Because of its early positive assessments, participatory budgeting (PB) has been and continues to be praised by several policymakers, and the Brazilian model has become an institutional blueprint around the world. No one questions the way the model has evolved in Brazilian municipalities with a long tradition of PB, but it was institutionalized there through practice and not through state legislation. It is thus highly permeable to political will and evolving ideas. Looking at the case of Belo Horizonte, where it was implemented in 1993, this study argues that while the political rhetoric of PB has remained central to political discourse over time, a significant but gradual policy change has occurred in practice. This change has important implications: not only does it have an impact on the policy outcomes of PB, but it also contributes to delegitimating the process for its participants, abetting its gradual deinstitutionalization.
Historical institutionalist research has long struggled to come to terms with agency. Yet injecting agency into historical-institutionalist accounts is no easy task. If institutions are structuring agents’ actions, while they are simultaneously being structured by these very agents’ behavior, the ontological status of institutions remains unclear. Hence, most historical-institutional accounts, at the conceptual level, tend to downplay the role of agency. However, in this way, they also remain incomplete. Following the “coalitional turn” in historical institutionalism, we develop a new account of institutional change and stability that awards a central role to agency. At the heart of our approach is the notion that both stability and change in institutions presuppose constant coalition building by organized entrepreneurial actors. However, for several reasons, such coalition building is complicated, which ultimately leads to institutional stability. In addition, we argue that relevant state agencies actively shape whether the incumbent coalition or the challenger coalition prevails. We illustrate the potential of our actor-centered approach to institutional change by analyzing the reform of commercial training in Switzerland, tracing developments from the beginning of the 1980s until today.
Since 2015 rights-based NGOs, lawyers, feminists and journalists have endured the most stringent crackdown since 1989. Simultaneously the Xi Li administration has pushed forward a series of laws, policies and regulatory changes to enable service-oriented NGOs to apply for government contracts to provide welfare services. This seemingly Janus-like policy of welfarist incorporation can be traced back to the Hu–Wen period, often described as a lacklustre period, despite significant efforts to tackle issues of poverty and inequality. This article argues for a more balanced appraisal of this period by exploring in depth the complex politics underpinning efforts to pluralize welfare provision by involving service-oriented NGOs. It explores three sets of politics influencing this policy process: inter-institutional politics; state/non-state actor politics; and domestic/external politics. Furthermore, it considers processes of gradual institutional change adopted by key political actors to achieve these ends.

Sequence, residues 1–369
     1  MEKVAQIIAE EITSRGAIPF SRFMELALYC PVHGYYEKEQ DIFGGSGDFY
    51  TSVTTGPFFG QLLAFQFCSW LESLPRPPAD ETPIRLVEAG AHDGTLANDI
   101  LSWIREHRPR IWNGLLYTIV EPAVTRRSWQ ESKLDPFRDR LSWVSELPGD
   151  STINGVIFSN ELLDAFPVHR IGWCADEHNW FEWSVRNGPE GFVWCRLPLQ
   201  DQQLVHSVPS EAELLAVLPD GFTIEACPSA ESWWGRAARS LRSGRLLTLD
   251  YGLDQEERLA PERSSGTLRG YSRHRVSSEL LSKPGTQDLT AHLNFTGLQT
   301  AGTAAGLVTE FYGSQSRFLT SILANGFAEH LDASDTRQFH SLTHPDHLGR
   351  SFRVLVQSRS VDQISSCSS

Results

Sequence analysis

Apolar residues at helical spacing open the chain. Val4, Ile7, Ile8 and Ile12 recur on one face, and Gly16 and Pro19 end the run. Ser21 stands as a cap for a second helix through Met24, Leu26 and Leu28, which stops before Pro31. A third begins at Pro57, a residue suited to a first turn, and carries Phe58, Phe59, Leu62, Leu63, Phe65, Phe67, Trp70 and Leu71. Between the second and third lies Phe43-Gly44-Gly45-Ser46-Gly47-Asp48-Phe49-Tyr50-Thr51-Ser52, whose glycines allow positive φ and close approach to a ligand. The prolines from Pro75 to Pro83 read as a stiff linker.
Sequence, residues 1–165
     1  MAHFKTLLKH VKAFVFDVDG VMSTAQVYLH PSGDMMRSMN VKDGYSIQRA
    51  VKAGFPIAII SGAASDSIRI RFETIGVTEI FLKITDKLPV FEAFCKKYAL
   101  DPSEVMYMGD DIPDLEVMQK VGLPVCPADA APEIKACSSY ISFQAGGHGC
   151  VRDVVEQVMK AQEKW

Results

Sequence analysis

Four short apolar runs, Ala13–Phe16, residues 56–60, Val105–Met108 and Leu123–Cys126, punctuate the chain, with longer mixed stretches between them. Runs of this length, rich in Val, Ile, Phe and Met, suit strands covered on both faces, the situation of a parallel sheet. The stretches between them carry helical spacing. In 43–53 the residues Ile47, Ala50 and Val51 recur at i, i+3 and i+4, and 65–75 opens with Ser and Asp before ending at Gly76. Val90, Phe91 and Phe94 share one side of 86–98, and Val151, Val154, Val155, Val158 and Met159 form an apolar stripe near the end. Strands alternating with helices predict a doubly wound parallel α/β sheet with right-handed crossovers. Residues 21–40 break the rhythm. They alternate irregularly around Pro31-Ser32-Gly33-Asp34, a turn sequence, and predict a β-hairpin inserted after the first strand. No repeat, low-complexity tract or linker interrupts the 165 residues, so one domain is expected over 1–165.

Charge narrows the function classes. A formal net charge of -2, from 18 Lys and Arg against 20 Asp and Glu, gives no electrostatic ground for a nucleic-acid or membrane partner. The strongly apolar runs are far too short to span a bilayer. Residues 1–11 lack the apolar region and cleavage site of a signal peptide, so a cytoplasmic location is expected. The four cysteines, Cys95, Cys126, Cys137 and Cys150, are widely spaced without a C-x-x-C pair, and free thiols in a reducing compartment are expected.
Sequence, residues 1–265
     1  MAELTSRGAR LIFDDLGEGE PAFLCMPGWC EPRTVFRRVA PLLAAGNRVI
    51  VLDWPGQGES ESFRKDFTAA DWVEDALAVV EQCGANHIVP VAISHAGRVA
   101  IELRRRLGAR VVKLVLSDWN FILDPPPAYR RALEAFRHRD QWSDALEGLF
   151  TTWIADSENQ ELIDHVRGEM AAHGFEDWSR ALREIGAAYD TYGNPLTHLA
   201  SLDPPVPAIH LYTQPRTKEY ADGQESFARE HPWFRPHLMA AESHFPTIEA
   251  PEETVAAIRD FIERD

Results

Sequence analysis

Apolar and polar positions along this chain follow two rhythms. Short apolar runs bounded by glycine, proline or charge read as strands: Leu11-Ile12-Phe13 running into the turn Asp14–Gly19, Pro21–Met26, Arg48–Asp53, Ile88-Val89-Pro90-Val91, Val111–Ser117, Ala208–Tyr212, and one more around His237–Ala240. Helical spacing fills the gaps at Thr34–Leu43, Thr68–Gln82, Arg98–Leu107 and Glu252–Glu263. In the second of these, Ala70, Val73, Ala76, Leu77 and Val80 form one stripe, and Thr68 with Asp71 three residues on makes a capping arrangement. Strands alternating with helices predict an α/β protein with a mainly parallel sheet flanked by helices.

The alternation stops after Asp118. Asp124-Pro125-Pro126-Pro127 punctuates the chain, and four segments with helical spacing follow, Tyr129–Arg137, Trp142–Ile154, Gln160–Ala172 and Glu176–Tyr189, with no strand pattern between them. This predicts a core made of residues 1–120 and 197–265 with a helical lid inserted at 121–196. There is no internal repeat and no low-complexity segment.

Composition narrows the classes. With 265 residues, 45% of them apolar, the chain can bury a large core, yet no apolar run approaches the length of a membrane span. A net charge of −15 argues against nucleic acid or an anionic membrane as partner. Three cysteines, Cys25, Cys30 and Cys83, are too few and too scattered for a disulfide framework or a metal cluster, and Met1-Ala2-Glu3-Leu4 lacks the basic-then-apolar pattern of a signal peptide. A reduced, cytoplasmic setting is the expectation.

Ambiguity – the capacity to have multiple meanings – is endemic to politics. Ambiguity creates political opportunities, structures debates and provides leeway for political entrepreneurs to advance their interests. I use the 2012 passage and 2014 rollback of reforms to the National Flood Insurance Program to show how ambiguity enables political entrepreneurship. In this puzzling case, Congress enacted and rolled back changes that threatened to impose politically unpalatable costs. Using semi-structured interviews and congressional testimony, I show how political entrepreneurs engaged with ambiguity in the buildup to the reforms’ passage. They used information strategically to interpret problems, solutions, rules, and goals; shape legislators’ perceptions of the reforms’ political implications; and adapt their arguments to the policy windows that opened. The case shows that ambiguity facilitates policy reform, but the direction of change depends on the priorities that are salient when a policy window opens and on the interests of political entrepreneurs.
Urbanization and the development of middle and working classes have been proposed as a key explanation for political change in the Western world. This article argues that the traditional inheritance systems practiced across Europe have played an important role in the differential development of these urban classes in the period 1700–1900. Inheritance systems that practice some degree of inequality between heirs will lead to more children, generally younger brothers, leaving the land and taking up urban occupations. A statistical analysis of geographical data shows that regions in which such unequal inheritance was practiced were two to three times more likely to develop urban areas after 1700. This claim is robust to a number of challenges, including country fixed effects, and to only looking at Western Europe. An important mechanism through which the divergence may have occurred is illustrated through a quantitative analysis of pairs of brothers in the UK and Romania, two countries with opposing inheritance traditions.